- The Florida Department of Transportation (FDOT) has received an unsolicited proposal from rail company Brightline for a lease and development deal that would bring a high-speed rail line to the Interstate 4 corridor between Tampa and Orlando. Brightline began service in South Florida this year, linking West Palm Beach, Fort Lauderdale and Miami.
- FDOT has launched a formal request for proposals (RFP) process so any interested parties can apply to establish the entirely privately-funded rail system by leasing rights of way owned by FDOT and CFX. Competitive bidding will be open for six months.
- In 2011, Gov. Rick Scott rejected almost $2.5 billion in federal funds for high-speed rail along the same corridor because he thought it would be too costly to taxpayers. He said the new plan is a way to shift the risk of cost overruns and other problems from taxpayers to the private sector.
Brightline rolled out its much anticipated service in South Florida in sections, with West Palm Beach to Fort Lauderdale having launched in January, and Fort Lauderdale to Miami in May. The intent all along has been to expand and add a line from West Palm Beach to Orlando, which the Orange County commissioners just approved this month.
The high-speed service has been touted as a significant time saver for passengers, considering the average trip from West Palm Beach to Miami takes about an hour on the train compared to the hour-and-a-half minimum it takes to drive. The typically four-hour driving trip from Miami to Orlando is expected to take three hours on the Brightline.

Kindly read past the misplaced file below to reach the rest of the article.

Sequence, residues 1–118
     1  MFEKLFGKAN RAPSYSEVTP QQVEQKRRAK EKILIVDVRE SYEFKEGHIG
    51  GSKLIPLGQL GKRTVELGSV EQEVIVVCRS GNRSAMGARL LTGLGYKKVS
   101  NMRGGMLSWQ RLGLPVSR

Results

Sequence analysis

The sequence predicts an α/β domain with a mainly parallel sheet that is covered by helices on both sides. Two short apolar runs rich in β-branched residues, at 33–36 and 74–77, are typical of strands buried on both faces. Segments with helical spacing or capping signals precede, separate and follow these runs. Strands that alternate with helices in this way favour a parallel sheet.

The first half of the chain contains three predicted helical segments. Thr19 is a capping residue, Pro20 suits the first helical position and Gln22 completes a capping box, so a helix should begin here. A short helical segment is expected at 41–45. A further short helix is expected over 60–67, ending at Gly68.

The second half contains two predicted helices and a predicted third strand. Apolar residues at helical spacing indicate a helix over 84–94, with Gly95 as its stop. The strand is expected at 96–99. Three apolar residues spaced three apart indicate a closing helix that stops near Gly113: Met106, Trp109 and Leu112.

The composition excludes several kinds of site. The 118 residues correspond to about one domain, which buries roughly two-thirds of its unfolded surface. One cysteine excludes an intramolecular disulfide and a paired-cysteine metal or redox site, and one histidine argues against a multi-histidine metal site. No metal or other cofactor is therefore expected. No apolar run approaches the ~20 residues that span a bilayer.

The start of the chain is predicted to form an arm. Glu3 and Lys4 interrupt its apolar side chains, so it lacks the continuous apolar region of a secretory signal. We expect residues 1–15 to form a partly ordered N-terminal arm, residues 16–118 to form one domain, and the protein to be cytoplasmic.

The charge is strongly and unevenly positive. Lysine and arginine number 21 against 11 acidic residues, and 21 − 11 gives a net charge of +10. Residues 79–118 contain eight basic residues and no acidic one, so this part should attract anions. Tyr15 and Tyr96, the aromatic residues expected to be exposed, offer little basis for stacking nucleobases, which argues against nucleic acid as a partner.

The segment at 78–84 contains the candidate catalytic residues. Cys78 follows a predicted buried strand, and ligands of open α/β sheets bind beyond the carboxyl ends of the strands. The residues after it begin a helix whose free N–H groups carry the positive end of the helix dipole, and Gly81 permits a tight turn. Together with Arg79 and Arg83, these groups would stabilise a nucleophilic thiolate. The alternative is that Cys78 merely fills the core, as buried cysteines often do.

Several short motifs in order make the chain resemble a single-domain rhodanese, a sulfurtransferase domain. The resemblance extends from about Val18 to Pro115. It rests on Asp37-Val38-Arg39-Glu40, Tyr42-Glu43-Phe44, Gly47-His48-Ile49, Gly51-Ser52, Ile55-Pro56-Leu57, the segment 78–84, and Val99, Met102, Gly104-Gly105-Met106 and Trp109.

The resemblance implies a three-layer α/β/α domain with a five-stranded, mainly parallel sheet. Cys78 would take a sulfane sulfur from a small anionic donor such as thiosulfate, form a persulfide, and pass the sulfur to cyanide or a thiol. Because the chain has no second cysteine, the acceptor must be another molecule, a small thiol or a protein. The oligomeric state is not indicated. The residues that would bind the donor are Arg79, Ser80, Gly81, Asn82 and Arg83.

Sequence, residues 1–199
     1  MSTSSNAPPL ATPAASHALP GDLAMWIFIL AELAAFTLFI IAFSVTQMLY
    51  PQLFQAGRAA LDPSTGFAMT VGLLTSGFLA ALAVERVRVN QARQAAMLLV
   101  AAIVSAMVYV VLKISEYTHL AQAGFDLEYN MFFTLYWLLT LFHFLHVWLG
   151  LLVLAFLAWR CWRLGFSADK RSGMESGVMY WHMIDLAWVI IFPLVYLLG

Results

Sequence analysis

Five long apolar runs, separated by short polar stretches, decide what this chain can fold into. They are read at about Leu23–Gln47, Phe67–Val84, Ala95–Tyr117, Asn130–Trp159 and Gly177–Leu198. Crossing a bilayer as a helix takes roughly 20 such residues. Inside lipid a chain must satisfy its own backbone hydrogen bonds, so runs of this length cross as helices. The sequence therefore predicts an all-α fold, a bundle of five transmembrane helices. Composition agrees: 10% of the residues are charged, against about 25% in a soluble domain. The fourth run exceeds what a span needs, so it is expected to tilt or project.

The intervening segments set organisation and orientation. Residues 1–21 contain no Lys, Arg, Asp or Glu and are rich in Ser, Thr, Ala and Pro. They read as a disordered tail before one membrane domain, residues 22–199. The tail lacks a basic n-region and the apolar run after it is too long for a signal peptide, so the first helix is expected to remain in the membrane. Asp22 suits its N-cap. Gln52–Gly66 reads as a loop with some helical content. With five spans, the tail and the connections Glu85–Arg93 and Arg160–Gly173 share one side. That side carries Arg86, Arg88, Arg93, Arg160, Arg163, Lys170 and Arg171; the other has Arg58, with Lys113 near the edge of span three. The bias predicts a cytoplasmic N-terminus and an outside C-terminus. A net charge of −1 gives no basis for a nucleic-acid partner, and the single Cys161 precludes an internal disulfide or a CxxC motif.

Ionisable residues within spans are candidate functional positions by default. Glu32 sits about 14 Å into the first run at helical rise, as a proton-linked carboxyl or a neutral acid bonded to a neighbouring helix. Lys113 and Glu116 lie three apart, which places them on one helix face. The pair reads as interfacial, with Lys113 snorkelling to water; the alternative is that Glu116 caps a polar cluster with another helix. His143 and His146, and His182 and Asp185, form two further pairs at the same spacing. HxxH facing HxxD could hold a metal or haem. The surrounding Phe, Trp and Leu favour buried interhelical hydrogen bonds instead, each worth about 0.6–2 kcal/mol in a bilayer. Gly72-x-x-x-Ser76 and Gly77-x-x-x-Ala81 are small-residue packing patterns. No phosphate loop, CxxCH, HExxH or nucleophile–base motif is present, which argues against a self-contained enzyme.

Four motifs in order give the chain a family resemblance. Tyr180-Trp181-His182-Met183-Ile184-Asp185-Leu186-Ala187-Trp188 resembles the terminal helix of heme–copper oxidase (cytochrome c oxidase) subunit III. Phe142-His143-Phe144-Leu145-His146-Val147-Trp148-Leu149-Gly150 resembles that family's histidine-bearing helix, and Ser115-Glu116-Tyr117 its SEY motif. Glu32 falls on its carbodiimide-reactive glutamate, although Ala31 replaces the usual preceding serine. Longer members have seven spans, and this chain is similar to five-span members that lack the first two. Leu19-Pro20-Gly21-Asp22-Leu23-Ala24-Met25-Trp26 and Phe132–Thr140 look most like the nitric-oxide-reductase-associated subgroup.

Florida is a large state with a number of sizable cities spread throughout, but huge swaths of rural areas lie in between. As such, there are a limited number of major roads and public transportation between cities largely doesn't exist. Urban areas like South Florida are intensely congested due to residents being car dependent and up until recently, they also have suffered from an overall lack of comprehensive transit infrastructure. The Brightline has filled a gap to provide a faster, less stressful way to get between nearby cities in South Florida, and it could transform the way residents and visitors commute across the entire state.
Expanding Brightline has the potential to boost economic development and tourism throughout Florida. Currently, tourists might have a challenging time cramming stops in Miami and Orlando into one trip. But a high-speed train allows tourists to save significant time and forego a pricey car rental if they wish to explore Miami's beaches and Orlando's theme parks in the same trip. The proposed train route from Orlando to Tampa would open up even more options.
Governor Scott indicated the state could avoid having to deal with cost overruns and lawsuits if it handed over construction and operations of a high-speed rail line to a private company like Brightline instead of FDOT taking on the project itself. Scott has used the example of the California High-Speed Rail Authority's $77 billion bullet train between the San Francisco Bay area and Anaheim, CA as a cautionary tale and an example of what Florida taxpayers might have had to endure if he had accepted the federal funds in 2011. The project is nearly double what was originally proposed and has suffered from delays due to a wide range of issues ranging from land acquisitions to bridge demolition and redesign.
Although Brightline proposed the Orlando to Tampa rail project and is assumed to be the front-runner to win the bid, the state has to wait six months to see if any other competitors throw their hats in the ring before even considering moving forward. The project would still have to go through the approval process and likely would take many years to formally get off the ground.